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ELECTIONS

ELECTIONS

Five of the most awkward Spanish election fails

In the run up to Spain's local and regional elections at the end of May, politicians have been trying out unsual ways to entice voters - many of which they most probably now regret.

Five of the most awkward Spanish election fails
A candidate in Gatafe thought it was a good idea to give out condoms with his political leaflets. Photo: Twitter

1. Nakedness

Socialist party candidate in the Cantabrian town of Meruelo in northern Spain, Luis Alberto Nicolás, caused a stir when he appeared on his campaign posters naked except for a strategically placed rose – because why wouldn't stripping off pull in undecided voters? The problem was that no one in the party had approved his naked campaigning and Nicolás was promptly ordered to take down all the posters he had plastered on the walls around town. You would think he would have learnt from previous naked campaign fails…

2. Taxis

Madrid’s two Popular Party candidates, for mayor and regional president, have kicked up a fuss among taxi drivers by paying to have their campaign posters fixed to the city’s taxis – only for them to be promptly vandalized. Taxi drivers have complained that people are refusing to travel in their taxis because of the political bias they proclaim.

3. Resigning co-founder

Podemos co-founder Juan Carlos Monedero. Photo: AFP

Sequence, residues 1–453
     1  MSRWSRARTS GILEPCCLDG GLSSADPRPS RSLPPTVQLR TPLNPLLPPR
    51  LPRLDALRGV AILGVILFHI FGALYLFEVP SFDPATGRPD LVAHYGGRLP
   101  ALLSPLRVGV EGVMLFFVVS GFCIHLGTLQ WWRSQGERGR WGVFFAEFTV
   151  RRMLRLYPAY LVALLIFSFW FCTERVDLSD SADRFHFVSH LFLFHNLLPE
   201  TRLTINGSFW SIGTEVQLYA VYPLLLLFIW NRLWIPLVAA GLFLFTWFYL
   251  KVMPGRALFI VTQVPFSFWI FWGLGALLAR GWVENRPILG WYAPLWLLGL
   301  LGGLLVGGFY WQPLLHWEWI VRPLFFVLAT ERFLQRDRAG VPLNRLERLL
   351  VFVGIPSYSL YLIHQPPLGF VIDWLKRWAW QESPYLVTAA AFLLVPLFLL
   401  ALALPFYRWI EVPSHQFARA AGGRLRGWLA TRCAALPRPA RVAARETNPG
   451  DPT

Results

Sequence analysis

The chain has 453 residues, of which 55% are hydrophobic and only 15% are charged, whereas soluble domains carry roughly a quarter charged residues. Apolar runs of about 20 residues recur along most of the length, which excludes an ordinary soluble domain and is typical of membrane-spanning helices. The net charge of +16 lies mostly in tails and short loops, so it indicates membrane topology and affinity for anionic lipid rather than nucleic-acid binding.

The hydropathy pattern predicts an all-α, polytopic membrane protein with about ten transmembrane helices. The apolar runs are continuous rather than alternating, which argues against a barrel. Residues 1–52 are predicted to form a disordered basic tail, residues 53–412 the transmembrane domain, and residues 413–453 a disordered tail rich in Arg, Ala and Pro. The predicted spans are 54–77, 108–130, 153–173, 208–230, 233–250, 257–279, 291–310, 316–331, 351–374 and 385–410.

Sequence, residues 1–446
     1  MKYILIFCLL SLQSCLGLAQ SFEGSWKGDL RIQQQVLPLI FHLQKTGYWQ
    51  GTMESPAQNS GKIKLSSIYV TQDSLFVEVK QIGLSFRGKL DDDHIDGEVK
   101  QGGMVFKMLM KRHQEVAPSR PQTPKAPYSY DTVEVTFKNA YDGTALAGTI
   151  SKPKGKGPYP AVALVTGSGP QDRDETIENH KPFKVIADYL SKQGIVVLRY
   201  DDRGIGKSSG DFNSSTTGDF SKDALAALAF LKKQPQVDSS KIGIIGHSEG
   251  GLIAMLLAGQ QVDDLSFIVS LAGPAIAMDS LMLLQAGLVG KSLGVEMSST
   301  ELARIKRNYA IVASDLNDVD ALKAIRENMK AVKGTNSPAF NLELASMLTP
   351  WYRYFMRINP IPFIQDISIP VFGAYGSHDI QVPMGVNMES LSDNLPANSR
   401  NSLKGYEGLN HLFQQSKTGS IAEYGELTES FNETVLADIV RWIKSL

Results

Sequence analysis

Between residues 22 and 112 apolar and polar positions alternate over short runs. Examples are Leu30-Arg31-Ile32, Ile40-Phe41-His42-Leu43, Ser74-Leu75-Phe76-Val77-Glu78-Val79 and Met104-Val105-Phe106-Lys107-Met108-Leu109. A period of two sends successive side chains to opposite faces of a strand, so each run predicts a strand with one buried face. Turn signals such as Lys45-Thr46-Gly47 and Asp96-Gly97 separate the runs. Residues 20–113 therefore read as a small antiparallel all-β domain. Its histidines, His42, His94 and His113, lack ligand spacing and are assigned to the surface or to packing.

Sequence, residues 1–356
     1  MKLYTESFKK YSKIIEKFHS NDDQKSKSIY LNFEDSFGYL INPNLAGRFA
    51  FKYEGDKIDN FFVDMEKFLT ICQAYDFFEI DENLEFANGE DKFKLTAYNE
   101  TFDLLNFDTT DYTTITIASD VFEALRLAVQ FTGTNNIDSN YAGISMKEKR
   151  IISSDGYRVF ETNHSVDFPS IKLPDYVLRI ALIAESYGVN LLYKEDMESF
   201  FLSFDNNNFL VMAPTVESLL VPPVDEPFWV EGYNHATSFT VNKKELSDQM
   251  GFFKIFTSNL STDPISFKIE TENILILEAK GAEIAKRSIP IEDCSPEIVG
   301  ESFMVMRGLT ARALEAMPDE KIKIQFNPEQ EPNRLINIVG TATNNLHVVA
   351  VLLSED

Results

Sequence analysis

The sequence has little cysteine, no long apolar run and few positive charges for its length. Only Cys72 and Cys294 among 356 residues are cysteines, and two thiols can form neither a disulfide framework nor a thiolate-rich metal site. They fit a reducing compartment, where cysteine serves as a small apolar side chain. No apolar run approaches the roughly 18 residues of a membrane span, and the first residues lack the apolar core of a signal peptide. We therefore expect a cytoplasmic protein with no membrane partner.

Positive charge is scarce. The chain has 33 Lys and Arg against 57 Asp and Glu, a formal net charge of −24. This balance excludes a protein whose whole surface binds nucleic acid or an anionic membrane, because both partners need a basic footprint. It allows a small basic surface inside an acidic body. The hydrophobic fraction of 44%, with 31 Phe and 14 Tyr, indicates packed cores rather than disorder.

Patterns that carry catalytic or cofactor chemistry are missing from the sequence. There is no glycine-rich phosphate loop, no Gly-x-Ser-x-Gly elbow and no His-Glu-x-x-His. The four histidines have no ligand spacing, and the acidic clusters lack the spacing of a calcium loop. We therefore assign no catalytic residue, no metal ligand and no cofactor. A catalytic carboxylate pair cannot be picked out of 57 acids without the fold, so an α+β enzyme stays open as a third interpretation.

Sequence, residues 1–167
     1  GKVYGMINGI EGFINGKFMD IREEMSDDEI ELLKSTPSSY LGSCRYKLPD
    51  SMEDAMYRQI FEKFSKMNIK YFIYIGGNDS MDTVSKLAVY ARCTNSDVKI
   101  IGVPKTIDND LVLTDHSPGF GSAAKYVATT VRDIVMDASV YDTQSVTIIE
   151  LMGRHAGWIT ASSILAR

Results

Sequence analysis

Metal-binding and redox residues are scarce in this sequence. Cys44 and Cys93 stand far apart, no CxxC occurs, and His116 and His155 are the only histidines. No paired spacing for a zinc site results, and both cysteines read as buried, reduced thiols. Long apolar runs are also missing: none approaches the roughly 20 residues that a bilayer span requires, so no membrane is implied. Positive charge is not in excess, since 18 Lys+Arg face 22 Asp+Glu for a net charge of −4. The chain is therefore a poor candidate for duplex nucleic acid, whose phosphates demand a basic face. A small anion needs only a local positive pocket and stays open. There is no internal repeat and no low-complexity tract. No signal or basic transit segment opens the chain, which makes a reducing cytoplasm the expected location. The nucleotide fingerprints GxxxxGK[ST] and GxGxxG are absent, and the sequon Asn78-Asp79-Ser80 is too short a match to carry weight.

Podemos have taken Spanish politics by storm this year, but the party has recently lost one of its most important figures. While it may not have been an election strategy, having a co-founder resign mere weeks before the election cannot be good for voter confidence. Juan Carlos Monedero, former advisor to late Venezuelan President Hugo Chavez, quit the party over “ideological differences” at the beginning of May.

 4. Cycling photo op

 

 

On Wednesday May 13th, Spanish Prime Minister Mariano Rajoy got on his bike alongside Madrid mayoral candidate, Esperanza Aguirre and regional president candidate, Cristina Cifuentes. They cycled along Madrid’s river on the “Madrid bici” bikes, which are part of Madrid’s cycle scheme. Rajoy and Aguirre put past feuds behind them as they awkwardly cycled along the river for the photo op.

5. Condoms 

 

 

The Popular Party candidate in Getafe, south of Madrid, has been handing out condoms along with his election leaflets. Juan Soler-Espiauba Gallo has been distributing little packets containing a condom and emblazoned with his face alongside the slogan “Sensitivity and efficiency”. Soler has said that the campaign has been “well received among young people” and will help continue the policies of preventing pregnancy and sexually transmitted diseases. 

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ELECTIONS

Catalan separatists boost majority in regional election

Catalan separatist parties boosted their parliamentary majority in a regional election Sunday that was overshadowed by the pandemic and marked by low turnout, more than three years after a failed bid to break away from Spain.

Catalan separatists boost majority in regional election
Jailed ERC leader Oriol Junqueras (R), freed temporarily to participate in the electoral campaign, celebrates result with Catalan acting regional president and ERC candidate Pere Aragones. Photo: AFP
With Spain still grappling with a third wave of coronavirus infections, the vote in the wealthy northeastern region was held under tight restrictions to reduce the risk of contagion.